Mitochondrial quality control (MQC) and function are determinants for cellular energy metabolism, and their disorders are reported to play an important role in the development of insulin resistance (IR). Salidroside was reported to have beneficial effects on MQC through AMPK pathway; however, it is unknown whether salidroside exerts anti-IR effect with this action. This study sought to investigate the effects of salidroside on IR with an exploration of the mechanisms of its action. Experimental IR models were adopted in high-fat-diet (HFD)-fed mice and palmitate-treated C2C12 myotubes, respectively. Blood levels of glucose and insulin as well as cellular glucose uptake were determined, and mitochondrial function and MQC-associated parameters and reactive oxygen species (ROS) production were analyzed based on treatments with the activator (AICAR), inhibitors (compound C and EX-527) or specific siRNA of Ampk/Sirt1 and mitochondrial ROS scavenger (mito-TEMPO). Protein expression level was determined by Western blot, cellular observation by transmission electron microscope and ROS production by functional analysis kits. Salidroside reduced IR and activated insulin signaling along with the stimulation of AMPK/SIRT1 signaling and downstream regulation of MQC and ROS production. These salidroside effects were comparable to those of AICAR and could be prevented by AMPK/SIRT1 inhibitors or siRNAs, respectively. Salidroside reduces IR and regulates MQC and ROS production by activating AMPK/SIRT1 signaling pathway. Since IR is a critical issue for public health, to explore a potent agent against IR is of high interest. The anti-IR effects of salidroside warrant further experimental and clinical studies.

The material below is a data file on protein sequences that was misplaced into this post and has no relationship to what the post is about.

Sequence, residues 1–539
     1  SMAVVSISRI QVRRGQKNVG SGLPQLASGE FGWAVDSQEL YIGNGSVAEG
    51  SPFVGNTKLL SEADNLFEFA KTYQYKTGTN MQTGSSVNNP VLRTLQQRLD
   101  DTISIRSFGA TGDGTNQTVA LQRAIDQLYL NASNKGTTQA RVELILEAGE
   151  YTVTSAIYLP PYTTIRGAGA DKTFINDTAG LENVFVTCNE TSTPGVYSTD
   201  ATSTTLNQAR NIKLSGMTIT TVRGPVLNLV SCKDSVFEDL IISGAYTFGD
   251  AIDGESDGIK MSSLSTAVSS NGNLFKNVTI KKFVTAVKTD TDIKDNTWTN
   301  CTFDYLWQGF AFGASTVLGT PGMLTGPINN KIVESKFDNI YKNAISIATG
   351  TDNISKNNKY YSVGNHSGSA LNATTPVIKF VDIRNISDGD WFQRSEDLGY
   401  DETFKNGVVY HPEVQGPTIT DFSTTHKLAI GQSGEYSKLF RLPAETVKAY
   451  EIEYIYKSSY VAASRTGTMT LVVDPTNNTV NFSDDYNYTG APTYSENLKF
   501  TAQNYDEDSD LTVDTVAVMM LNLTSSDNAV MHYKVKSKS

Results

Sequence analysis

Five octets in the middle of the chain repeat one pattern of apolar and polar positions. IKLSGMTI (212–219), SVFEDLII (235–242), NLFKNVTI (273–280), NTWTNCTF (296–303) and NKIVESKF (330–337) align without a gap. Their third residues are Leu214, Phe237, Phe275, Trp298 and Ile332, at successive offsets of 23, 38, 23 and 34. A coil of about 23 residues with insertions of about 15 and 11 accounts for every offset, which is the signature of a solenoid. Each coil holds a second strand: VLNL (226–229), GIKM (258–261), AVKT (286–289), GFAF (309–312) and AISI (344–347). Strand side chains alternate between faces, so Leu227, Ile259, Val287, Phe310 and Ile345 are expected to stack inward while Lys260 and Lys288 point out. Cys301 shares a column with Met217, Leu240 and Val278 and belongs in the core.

Introduction

Insulin resistance (IR) is characterized by the reduction of insulin-stimulated glucose uptake and disposal in insulin target tissues including skeletal muscle, the liver, the heart and the adipose, which could be responsible for the development of type 2 diabetes mellitus (Eckel et al. 2005). Though the underlying mechanisms of IR are not thoroughly understood, a number of factors contributing to IR are well known, for example, excessive energy supply and reduced physical activity (Popkin 2006). In the established experimental animal model, IR can be achieved by fatty acid (FA) through high-fat diet (HFD), while in the cell culture model, IR can be achieved by palmitate, where increased flux of energy fuel took place along with augmented reactive oxygen species (ROS) production and mitochondrial dysfunction, and incomplete lipid oxidation and increased lipid accumulation in skeletal muscle are considered as responsible for IR development (Krebs & Roden 2004, Anderson et al. 2009, Cade 2018).